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It’s been SUCH a stressful month, goodness Lord. Too busy to workout every day, and so easy to comfort myself with a sweet treat, I’ll just have one. But I never have just one. Guh.
I’ll link to an NIH article (wildly brainiac, enjoy) that details the neurochemical evidence that sugar is an addictive substance. Most of us who have ever eaten an entire box of Girl Scout Cookies (and were left wanting more) already knew this.
Why do we crave sugar? It’s comforting. To say “it tastes good”, doesn’t even come close to describing the array of neurochemical bells and whistles that sugar sets off in our brains and bodies. Sadly, like all drugs, we are left needing to eat more and more to get the same effects. For some of us, this effect is more pronounced than in others.
If sugar was a neutral substance to my health, this would not be a big deal. However, there are so many negative effects to an overload of high GI sugar consumption (fresh fruit being an exception to this) that I need to be concerned about it.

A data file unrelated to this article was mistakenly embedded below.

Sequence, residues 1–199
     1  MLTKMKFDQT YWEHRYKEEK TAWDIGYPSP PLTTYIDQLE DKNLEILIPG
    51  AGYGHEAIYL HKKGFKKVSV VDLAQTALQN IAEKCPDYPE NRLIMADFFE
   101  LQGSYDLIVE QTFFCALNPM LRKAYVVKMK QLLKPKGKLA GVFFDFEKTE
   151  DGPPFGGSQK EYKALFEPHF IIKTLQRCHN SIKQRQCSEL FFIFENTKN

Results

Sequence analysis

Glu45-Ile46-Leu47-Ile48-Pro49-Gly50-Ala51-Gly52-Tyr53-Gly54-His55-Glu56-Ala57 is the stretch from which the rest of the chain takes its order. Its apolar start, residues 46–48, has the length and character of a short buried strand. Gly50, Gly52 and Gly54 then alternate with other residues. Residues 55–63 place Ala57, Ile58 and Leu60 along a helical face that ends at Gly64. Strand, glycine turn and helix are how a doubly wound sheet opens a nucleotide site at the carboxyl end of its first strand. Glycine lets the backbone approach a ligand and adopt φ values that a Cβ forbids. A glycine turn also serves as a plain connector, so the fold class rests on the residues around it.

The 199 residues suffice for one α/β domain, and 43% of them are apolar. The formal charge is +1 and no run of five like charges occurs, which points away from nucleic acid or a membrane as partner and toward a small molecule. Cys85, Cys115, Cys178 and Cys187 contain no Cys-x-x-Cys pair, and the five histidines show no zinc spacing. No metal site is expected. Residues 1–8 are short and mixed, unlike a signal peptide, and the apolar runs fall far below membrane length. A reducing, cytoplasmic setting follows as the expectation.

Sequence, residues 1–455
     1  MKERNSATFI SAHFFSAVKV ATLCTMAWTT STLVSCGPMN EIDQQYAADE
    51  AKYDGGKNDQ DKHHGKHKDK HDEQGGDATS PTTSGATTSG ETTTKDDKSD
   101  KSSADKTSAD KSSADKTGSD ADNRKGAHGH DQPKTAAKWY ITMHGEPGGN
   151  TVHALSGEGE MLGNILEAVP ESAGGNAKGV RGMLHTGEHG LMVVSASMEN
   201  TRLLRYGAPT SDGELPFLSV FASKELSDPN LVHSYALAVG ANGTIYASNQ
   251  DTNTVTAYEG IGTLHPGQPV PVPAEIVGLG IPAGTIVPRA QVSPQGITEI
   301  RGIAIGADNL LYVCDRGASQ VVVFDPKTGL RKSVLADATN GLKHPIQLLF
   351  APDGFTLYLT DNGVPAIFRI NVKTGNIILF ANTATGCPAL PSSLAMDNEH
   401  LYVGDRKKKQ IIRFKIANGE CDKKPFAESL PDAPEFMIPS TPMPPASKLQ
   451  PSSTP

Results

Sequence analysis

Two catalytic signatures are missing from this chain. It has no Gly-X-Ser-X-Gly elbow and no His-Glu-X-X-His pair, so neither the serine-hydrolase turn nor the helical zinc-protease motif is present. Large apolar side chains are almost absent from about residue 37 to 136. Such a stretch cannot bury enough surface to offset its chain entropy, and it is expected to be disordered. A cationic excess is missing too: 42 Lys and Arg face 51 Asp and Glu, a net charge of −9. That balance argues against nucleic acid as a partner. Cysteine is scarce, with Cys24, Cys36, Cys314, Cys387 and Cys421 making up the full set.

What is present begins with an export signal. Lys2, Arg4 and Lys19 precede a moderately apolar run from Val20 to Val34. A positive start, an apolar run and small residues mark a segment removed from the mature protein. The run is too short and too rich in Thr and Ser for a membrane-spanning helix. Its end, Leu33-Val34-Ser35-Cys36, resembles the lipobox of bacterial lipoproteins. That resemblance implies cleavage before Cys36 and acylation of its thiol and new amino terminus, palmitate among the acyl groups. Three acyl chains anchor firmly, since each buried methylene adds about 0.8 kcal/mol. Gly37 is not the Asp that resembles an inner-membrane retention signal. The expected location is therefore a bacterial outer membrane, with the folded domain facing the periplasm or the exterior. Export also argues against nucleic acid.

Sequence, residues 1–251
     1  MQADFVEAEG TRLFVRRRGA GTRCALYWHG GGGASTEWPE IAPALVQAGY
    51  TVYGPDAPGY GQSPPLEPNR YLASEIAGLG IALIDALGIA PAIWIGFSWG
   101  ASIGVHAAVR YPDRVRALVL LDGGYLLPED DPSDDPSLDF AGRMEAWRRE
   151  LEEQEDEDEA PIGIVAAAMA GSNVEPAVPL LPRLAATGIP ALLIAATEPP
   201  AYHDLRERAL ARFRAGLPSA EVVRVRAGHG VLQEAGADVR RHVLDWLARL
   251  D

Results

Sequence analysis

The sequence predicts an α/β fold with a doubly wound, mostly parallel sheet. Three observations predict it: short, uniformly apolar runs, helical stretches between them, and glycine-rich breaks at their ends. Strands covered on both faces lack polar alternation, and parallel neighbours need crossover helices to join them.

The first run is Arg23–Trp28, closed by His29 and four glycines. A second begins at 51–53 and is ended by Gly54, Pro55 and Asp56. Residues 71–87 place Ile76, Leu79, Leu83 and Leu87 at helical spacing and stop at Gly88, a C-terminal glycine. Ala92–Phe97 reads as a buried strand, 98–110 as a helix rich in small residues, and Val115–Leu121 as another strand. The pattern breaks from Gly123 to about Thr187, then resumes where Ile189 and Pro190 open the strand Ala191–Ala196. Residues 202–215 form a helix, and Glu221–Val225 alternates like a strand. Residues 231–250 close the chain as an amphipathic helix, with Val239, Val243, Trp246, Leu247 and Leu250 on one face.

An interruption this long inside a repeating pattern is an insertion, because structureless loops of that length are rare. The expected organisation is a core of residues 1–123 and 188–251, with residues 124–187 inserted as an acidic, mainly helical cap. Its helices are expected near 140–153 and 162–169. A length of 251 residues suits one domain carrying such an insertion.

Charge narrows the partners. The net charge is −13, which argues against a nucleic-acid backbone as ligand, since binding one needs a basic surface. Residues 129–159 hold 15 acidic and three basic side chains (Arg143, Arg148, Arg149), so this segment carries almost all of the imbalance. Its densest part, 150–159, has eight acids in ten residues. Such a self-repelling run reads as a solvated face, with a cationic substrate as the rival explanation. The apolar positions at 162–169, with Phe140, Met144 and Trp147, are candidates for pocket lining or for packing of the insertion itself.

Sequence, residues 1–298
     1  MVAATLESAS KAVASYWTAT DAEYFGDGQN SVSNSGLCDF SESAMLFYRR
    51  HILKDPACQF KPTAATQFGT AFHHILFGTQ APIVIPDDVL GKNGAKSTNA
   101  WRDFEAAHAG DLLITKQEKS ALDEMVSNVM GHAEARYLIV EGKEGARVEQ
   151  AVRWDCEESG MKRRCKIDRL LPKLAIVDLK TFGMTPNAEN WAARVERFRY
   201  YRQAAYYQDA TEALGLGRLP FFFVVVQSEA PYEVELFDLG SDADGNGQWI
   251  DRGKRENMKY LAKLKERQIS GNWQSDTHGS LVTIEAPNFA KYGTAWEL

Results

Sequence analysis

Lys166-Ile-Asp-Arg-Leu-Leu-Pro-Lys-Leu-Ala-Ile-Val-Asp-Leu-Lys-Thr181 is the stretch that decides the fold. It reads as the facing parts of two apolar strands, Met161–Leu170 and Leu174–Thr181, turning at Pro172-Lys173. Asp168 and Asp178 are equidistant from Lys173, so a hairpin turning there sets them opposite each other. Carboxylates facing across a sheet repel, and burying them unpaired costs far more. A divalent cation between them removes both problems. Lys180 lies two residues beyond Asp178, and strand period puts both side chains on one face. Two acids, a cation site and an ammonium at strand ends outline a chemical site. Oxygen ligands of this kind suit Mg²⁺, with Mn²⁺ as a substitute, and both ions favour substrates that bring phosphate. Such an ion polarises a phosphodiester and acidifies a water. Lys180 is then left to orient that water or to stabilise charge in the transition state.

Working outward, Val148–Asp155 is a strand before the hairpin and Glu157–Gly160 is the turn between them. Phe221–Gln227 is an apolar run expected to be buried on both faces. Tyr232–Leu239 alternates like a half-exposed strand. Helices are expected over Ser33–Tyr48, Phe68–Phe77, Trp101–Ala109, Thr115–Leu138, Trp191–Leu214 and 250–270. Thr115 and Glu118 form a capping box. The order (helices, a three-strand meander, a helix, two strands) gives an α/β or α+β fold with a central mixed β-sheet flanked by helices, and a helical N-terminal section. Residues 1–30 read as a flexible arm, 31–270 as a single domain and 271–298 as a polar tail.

Among the negative health effects of added sugars (not naturally occuring): increased risk of death from cancer and heart disease, increased risk of Type 2 diabetes, and increased risk of high cholesterol (by stimulating the liver to dump fats into the bloodstream). There is SO MUCH evidence of the negative effects of added sugar, that I cannot possible link to all the JAMA, NIH and Harvard Health articles about it.
I KNOW too much sugar is bad for me. I know it is addictive. What I need to do is break the addiction monster. (Again.) So, what I’ll do, starting today, is: add more fresh fruit to my diet (God’s own candy) as a way of feeding the monster in a healthy way, get back to daily exercise as a way of elevating my body’s healthy processing of sugar and cholesterol (no more weekend warrior, exercise needs to happen every day), and find a different way to reward myself (a phone call to chat with some of my favorite girlfriends is as quick a pick-me-up as a high GI treat).
If you, like me, have struggled with this, then you have my deepest, deepest sympathies. Let’s get back to good health together, shall we?
It starts now.